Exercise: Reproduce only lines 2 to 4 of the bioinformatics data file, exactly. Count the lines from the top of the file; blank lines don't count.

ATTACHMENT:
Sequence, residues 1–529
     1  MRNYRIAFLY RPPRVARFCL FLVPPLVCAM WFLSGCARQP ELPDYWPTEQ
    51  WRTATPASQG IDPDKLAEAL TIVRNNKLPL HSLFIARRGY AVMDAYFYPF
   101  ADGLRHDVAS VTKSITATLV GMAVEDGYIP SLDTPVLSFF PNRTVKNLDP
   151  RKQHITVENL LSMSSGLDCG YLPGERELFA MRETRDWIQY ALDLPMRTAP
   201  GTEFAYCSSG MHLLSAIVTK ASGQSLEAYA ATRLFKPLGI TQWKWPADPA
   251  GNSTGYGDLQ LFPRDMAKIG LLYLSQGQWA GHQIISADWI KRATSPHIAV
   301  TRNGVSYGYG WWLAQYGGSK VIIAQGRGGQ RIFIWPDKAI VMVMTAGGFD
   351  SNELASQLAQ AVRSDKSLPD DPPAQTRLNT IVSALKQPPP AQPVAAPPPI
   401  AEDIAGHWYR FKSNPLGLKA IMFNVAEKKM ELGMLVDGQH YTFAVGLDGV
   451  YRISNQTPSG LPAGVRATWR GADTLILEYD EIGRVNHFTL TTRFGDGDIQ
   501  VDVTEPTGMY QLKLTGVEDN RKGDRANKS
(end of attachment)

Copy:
     1  MRNYRIAFLY RPPRVARFCL FLVPPLVCAM WFLSGCARQP ELPDYWPTEQ
    51  WRTATPASQG IDPDKLAEAL TIVRNNKLPL HSLFIARRGY AVMDAYFYPF
   101  ADGLRHDVAS VTKSITATLV GMAVEDGYIP SLDTPVLSFF PNRTVKNLDP